Note: This article assumes that you are as obsessed by SKYRIM as I am, so spoilers abound. I am also referring to the vanilla, un-modded version of SKYRIM as well.
When SKYRIM was initially released in 2011, it came on the cooling heels of some wounded fans unhappy with the dramatic and practically knee-jerking redevelop in its game design from MORROWIND to OBLIVION. The hardcore fans accused the developer, Bethesda, of dumbing down the game for the console crowd, and in a way, they were accurate. OBLIVION was definitely a more console-friendly affair, nixing many of the more complex (and by their definition, audience-limiting) mechanics, such as:
- Complicated dialogue trees
- Head-scratching puzzles
- Lack of clearly marked objectives
- Importance of faction identity
- Ability to permanently fail missions
- Killable Essential NPC’s
Too much choice is overwhelming sometimes, and a game that is too open-ended often ends up being confusing. Remember Dragon Warrior or Ultima: Exodus? Those games were ostensibly, unapologetically RPG’s and had little to zero direction about what you were supposed to do, even at the beginning. Is that a bad thing? Not inherently. That’s like saying the crappy starter pistol in an FPS is a bad thing. In a game console culture dedicated to casual play, quick game sessions, and constant action-oriented gameplay, yes it most certainly is. SKYRIM, coming a full five years after OBLIVION, successfully navigated the choppy waters of hardcore player expectation versus audience appeal to ridiculous sales numbers, critical acclaim, and even some GOTY awards.
Yet strangely enough, after over 350 hours on two platforms (Xbox 360 and PC), I’ve discovered that SKYRIM’s main game mechanics are often unrewarding in an RPG space, in favor of grind and instant gratification unbecoming of a proper role-playing experience. I wander through the various Holds, killing the same beasts, running the same types of quests, grinding the same stats, and even though I’m continually playing the game, the dreaded b-word began to emerge.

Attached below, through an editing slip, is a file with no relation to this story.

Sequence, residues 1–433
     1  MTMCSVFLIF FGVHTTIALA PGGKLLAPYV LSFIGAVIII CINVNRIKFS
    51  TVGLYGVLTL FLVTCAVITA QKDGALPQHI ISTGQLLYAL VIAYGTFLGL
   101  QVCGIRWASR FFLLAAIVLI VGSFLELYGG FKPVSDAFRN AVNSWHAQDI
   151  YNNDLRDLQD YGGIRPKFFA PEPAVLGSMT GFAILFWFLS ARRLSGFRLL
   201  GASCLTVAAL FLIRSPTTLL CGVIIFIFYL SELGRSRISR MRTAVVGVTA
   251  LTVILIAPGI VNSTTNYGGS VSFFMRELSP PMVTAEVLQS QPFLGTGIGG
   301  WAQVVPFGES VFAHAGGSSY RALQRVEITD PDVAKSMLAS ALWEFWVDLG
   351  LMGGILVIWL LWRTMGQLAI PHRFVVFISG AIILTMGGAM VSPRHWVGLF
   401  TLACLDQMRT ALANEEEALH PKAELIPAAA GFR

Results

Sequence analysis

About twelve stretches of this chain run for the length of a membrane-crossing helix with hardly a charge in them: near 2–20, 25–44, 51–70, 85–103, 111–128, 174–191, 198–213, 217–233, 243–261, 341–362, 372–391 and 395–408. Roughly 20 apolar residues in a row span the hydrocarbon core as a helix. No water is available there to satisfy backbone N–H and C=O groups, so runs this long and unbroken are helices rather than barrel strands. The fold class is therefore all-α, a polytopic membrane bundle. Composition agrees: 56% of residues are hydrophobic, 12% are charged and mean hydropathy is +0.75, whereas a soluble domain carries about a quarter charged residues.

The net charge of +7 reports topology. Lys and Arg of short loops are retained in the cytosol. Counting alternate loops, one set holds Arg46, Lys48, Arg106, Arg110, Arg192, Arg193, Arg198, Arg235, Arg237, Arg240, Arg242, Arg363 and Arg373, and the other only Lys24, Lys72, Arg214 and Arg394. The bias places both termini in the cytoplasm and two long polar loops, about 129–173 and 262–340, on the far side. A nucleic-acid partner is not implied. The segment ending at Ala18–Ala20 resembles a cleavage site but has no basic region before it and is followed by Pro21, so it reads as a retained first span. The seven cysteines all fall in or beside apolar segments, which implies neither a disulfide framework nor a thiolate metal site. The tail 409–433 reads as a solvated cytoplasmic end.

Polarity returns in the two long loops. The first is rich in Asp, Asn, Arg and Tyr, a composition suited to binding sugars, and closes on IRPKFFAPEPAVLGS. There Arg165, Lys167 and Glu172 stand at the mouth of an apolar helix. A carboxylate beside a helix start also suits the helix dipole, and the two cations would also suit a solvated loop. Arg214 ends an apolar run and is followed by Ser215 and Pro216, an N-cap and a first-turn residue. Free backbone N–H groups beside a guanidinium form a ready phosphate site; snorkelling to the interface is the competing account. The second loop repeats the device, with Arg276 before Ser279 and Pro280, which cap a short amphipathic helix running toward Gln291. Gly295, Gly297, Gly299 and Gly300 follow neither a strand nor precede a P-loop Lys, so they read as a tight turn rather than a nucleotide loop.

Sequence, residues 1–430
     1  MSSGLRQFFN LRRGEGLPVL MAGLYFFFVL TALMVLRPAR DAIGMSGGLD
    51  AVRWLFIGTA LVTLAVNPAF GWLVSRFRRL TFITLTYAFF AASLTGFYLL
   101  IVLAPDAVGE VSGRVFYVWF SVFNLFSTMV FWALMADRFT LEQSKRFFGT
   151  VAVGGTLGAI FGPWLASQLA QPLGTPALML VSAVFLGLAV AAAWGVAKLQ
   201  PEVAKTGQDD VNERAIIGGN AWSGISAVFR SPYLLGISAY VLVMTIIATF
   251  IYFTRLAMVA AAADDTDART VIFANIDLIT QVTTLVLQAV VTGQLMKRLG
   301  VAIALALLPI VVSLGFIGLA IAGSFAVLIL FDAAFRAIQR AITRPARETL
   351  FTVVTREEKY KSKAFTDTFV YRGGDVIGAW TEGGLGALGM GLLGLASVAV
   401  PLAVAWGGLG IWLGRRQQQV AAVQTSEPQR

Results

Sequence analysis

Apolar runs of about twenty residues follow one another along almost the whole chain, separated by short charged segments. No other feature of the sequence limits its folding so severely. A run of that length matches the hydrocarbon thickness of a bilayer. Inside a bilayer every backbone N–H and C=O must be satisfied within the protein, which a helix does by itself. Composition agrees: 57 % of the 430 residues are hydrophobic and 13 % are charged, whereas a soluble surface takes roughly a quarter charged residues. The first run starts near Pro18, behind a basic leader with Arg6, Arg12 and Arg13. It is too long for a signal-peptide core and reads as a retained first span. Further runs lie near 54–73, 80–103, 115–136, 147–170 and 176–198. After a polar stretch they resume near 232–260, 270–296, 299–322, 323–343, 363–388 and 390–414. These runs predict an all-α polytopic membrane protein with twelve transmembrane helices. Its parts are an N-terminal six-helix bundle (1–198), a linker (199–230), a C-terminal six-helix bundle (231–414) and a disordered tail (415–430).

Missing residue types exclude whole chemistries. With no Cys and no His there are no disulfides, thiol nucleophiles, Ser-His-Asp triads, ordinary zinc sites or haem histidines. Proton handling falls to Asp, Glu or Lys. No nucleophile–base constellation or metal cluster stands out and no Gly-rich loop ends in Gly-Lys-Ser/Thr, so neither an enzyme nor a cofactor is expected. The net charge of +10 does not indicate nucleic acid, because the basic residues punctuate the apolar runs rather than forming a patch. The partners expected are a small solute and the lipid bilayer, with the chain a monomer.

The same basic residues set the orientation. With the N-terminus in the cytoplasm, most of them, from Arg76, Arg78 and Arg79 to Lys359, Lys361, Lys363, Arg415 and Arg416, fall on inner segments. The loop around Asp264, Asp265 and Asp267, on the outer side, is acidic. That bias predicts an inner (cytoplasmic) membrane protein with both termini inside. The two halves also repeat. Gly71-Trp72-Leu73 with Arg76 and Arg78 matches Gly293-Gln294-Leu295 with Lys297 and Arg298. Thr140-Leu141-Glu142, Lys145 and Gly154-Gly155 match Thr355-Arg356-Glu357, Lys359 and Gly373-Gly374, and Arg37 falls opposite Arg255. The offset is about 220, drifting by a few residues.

That’s right kids, when you take a good, hard look at it: SKYRIM is kind of boring.
I can feel the Internet Hate Machine roaring to life, so let me qualify that statement. I know for a fact that my growing ambivalence towards SKYRIM has nothing to do with how much I’ve played it. I’ve dumped over 100 hours into FINAL FANTASY VI, S.T.A.L.K.E.R.: SHADOW OF CHERNOBYL, BORDERLANDS 2, and other various RPG’s each over the years. I would pick them up any day of the week and play them all the way through until my girlfriend dragged me into the bedroom for sleep or hanky panky. Recently after a 6 hour binge on a Friday night, I took an intentional leave of absence from Tamriel and spent a week not playing any PC games at all. It gave me time to think about SKYRIM.
The dreaded b-word arose again from the deep.
If SKYRIM doesn’t have much behind its ebony-forged luster, why do I keep playing it? I’ve beaten the dull campaign twice, participated in both sides of the civil war, cleared nearly every main storyline, as well as innumerable side quests. What is drawing me back into the world? I give casual social media games a lot of flak for being mindless mental exercises that often cost real money. Zynga Media and Activision, the dark lords of game “developers” have this addictive game-playing methodology down to a multi-billion dollar science. Note, I used quotes around the word “developers”. Zynga Media has a checkered history of just ripping off other’s people games with their WhateverVille franchises, and Activision just photocopies last year’s version with GUITAR HERO or CALL OF DUTY equally.
So I ask the question: Why is SKYRIM so boring? Why do I keep playing it?
(Cont’d on Page 2)